Winnipeg Free Press - PRINT EDITION

Burton? Light-hearted? O'Hara says so

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Doing a press day for Tim Burton's animated feature Frankenweenie in the city of Toronto, actress Catherine O'Hara is in a unique position to dispel the notion that the director of Sweeney Todd: The Demon Barber of Fleet Street and Edward Scissorhands is as dark and brooding as the pale, tortured heroes of his movies.

To O'Hara, 57, Burton will always be Cupid.

Asked when she left her hometown of Toronto, she responds: "I didn't leave until I did Beetlejuice.

"And then I met the production designer on the movie," she says, referring to Oscar-nominated Bo Welch.

"Tim made him ask me out. And now we've been married 20 years."

For his part, Burton has been as good for O'Hara's career. In the 1988 movie Beetlejuice, he gave her a juicy role as Winona Ryder's pretentious, self-absorbed step-mother Delia in a role that nicely bridged from her work as a versatile comedienne of the influential, Canadian-produced series SCTV.

O'Hara has enjoyed a rich and varied career ever since. But Burton has never forgotten her talents. Since Beetlejuice, he selected her as the voice of the Frankenstein-like Sally in The Nightmare Before Christmas (a role that demonstrated O'Hara's unexpectedly sweet singing voice) and now in Frankenweenie, Burton cast her as the voice of the mother of the film's hero Victor, a juvenile scientist who figures out a way to re-animate his beloved dog Sparky and the pet meets an untimely end.

As an added bonus to SCTV fans, Martin Short plays dad to O'Hara's mom.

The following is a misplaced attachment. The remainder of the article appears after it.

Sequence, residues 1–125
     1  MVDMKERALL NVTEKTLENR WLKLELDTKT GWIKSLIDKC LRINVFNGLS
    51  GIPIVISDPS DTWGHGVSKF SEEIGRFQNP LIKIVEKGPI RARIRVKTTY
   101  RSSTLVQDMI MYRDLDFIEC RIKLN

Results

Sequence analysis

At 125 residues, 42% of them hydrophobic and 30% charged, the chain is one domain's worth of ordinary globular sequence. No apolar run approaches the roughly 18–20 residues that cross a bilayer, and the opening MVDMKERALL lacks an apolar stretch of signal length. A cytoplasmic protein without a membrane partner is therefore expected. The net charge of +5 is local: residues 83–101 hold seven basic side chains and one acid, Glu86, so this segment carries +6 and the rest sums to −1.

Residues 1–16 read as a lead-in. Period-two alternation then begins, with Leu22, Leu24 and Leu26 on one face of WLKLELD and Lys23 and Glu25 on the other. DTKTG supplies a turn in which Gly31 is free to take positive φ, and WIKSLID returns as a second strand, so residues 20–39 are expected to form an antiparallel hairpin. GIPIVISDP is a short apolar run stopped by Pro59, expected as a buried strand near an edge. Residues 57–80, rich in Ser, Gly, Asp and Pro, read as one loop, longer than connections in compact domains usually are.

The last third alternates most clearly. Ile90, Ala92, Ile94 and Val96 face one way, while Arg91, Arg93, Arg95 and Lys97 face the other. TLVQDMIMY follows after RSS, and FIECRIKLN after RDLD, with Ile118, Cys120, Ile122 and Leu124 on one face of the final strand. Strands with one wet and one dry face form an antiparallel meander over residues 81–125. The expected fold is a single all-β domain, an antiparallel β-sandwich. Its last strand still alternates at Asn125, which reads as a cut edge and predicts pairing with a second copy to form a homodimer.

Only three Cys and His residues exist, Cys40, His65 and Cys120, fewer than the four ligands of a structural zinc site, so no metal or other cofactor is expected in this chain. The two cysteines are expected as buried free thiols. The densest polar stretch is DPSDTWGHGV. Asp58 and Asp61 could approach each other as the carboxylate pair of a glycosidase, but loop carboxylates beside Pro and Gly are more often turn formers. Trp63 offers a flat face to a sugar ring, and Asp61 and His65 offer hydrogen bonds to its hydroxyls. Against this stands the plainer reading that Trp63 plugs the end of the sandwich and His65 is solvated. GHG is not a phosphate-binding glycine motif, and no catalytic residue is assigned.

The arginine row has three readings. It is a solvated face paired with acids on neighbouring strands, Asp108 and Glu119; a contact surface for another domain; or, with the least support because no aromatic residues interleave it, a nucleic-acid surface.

"The parents are lovely and it's a loving home, not a cliché loving home but a truly loving home," she says during a phone interview.

"I think you'll quickly get the impression that they've nurtured his gifts and encouraged him to experiment and be creative," she says, adding that Burton departed from the usual technique of solo voice recording, common in most animated films. "Tim had us record the scenes together, which is a lovely thing because he wanted a real intimacy and he got that, I think, having Martin and me working together."

Lest you think O'Hara plays it too straight, both she and Short provide other voices for the film. She does a gym teacher and a strange classmate dubbed Weird Girl. She recognizes that the Mom character is something of a departure for her.

"I would love to be a mother like this. Most of my mothers are pretty troubled," she says. "I defend them to the death, but most of them are a little nuts."

One example might be O'Hara's upcoming role in the series 30 Rock, where she plays the much-discussed, never seen character of mother to Jack McBrayer's NBC page/rustic Kenneth.

The experience left O'Hara in awe of the show's star/producer Tina Fey, who represents a new generation of comedienne along with comedy stars such as Amy Poehler and Kristen Wiig.

"They're much more savvy in their business dealings than I ever was," she says. "They're not only really talented, they know what to do with their talent."

As for Tim Burton, O'Hara likes to dispel the notion he is as forboding as his movies.

"He's not a brooding, serious man when you work with him," she asserts. "It's all about laughs and tapping into the humour in life.

"To him, the monsters in life are the scary people who take themselves too seriously."

Movie preview


Directed by Tim Burton

In theatres Friday

Republished from the Winnipeg Free Press print edition October 3, 2012 C3

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